‘Lost world’ found in remote Australia
SYDNEY - Agence France-Presse
This photo, taken by Conrad Hoskin, shows a new leaftail gecko in the rugged Cape Melville mountain range, Australia’s Cape York Peninsula. AFP photoAn expedition to a remote part of northern Australia has uncovered three new vertebrate species isolated for millions of years, with scientists yesterday calling the area a “lost world.”
Conrad Hoskin from James Cook University and a National Geographic film crew were dropped by helicopter onto the rugged Cape Melville mountain range on Cape York Peninsula earlier this year and were amazed at what they found.
It included a bizarre looking leaf-tail gecko, a gold-colored skink, a type of lizard, and a brown-spotted, yellow boulder-dwelling frog, none of them ever seen before.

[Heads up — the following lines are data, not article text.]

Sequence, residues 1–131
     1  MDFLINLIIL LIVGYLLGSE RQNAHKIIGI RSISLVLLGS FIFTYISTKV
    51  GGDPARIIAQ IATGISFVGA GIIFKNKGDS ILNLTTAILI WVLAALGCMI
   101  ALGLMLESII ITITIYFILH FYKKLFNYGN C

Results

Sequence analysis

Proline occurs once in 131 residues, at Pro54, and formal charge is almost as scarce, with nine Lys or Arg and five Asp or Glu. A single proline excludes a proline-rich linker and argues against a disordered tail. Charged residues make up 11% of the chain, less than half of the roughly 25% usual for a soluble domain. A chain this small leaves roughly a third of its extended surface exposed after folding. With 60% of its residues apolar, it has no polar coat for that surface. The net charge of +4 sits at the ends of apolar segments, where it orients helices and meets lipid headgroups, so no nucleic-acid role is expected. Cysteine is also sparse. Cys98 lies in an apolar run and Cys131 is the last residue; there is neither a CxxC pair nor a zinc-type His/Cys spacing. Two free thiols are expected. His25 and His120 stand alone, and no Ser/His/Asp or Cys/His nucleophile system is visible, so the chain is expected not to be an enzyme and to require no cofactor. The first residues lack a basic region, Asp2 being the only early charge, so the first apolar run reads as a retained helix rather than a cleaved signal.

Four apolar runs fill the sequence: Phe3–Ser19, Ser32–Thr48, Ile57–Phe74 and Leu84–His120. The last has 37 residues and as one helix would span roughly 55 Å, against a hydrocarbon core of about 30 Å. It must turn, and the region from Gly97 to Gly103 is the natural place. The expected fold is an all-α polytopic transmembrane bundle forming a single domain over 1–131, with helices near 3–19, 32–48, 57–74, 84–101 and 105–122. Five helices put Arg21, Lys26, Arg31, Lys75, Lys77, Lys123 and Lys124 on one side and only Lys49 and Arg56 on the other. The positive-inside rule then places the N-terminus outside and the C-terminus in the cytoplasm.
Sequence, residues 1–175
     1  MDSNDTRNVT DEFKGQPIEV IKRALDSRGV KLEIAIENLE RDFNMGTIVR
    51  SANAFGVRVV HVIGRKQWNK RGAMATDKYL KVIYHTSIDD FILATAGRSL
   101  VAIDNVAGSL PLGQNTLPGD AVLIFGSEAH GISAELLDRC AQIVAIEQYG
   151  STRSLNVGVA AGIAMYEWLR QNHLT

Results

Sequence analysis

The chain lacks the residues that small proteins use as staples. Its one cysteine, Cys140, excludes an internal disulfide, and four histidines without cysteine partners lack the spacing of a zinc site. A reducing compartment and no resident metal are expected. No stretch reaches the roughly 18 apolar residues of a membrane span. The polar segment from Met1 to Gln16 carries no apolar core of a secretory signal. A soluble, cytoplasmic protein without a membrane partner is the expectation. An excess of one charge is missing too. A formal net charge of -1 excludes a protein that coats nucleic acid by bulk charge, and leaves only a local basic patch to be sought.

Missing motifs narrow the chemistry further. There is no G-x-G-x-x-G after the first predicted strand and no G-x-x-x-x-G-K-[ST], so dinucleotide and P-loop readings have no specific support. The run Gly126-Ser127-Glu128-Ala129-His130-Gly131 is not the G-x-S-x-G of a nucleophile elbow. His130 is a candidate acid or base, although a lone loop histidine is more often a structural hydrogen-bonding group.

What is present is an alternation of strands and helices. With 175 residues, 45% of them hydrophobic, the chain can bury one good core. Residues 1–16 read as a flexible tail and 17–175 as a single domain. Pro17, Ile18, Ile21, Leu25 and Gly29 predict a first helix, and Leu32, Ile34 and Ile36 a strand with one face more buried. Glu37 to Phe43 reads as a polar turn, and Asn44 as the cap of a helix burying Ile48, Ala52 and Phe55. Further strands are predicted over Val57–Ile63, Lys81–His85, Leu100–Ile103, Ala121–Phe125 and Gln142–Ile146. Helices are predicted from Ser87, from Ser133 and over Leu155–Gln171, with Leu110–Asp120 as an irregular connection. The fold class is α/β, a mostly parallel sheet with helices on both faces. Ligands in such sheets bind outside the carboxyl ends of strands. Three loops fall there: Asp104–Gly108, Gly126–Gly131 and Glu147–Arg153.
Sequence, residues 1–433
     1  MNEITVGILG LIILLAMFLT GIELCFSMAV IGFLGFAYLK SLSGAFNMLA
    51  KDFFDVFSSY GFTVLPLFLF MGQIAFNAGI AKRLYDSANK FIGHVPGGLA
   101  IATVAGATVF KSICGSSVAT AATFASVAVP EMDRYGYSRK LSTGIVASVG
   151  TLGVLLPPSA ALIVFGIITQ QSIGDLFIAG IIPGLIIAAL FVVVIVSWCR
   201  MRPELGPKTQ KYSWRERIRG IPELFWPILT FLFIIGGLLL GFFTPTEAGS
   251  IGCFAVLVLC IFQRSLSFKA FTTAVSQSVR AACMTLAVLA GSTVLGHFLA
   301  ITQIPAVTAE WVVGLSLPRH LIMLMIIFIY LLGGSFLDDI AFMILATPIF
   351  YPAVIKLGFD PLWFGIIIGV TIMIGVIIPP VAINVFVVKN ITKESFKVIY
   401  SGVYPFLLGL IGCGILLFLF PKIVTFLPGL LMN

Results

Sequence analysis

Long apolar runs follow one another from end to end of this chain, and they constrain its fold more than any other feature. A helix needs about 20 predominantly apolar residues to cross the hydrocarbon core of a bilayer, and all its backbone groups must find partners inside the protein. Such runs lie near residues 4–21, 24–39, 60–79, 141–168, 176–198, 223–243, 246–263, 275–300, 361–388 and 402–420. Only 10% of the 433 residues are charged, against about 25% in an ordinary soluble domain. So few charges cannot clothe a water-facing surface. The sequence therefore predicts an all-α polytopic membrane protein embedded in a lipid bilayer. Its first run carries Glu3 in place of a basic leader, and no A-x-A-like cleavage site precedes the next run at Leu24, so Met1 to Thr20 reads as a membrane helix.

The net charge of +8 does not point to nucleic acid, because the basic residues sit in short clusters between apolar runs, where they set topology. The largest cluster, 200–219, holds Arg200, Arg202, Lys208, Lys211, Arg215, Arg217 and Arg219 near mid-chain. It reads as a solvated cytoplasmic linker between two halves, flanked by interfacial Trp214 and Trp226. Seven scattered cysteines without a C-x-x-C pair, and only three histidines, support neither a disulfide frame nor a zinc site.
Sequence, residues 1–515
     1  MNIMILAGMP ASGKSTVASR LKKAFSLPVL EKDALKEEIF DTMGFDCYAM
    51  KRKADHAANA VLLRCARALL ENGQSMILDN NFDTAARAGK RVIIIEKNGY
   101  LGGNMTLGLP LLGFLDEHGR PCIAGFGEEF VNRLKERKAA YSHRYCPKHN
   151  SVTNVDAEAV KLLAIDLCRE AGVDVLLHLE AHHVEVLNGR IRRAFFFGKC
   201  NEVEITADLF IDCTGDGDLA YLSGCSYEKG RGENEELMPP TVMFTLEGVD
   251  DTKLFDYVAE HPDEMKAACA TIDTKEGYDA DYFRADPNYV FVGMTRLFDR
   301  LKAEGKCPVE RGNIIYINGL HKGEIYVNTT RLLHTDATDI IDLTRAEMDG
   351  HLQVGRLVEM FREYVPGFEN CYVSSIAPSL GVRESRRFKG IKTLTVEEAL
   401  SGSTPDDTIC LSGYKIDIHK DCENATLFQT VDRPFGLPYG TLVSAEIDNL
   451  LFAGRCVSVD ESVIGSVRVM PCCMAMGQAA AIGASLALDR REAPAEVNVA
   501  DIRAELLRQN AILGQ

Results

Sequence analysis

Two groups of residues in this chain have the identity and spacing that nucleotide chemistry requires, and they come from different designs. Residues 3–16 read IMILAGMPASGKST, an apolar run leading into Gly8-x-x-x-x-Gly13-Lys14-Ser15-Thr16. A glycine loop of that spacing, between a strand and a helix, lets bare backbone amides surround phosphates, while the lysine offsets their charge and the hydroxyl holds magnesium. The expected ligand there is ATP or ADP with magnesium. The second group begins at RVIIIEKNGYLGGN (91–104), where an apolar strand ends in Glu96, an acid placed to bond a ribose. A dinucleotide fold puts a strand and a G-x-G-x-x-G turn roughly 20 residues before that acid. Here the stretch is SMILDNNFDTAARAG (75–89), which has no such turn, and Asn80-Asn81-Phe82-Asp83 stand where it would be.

“The top of Cape Melville is a lost world. Finding these new species up there is the discovery of a lifetime, I’m still amazed and buzzing from it,” said Hoskin, a tropical biologist from the Queensland-based university.
“Finding three new, obviously distinct vertebrates would be surprising enough in somewhere poorly explored like New Guinea, let alone in Australia, a country we think we’ve explored pretty well.”
Also discovered was a small boulder-dwelling frog, the Blotched Boulder-frog, which during the dry season lives deep in the labyrinth of the boulder-field where conditions are cool and moist, allowing female frogs to lay their eggs in wet cracks in the rocks. In the absence of water, the tadpole develops within the egg and a fully formed frog hatches out.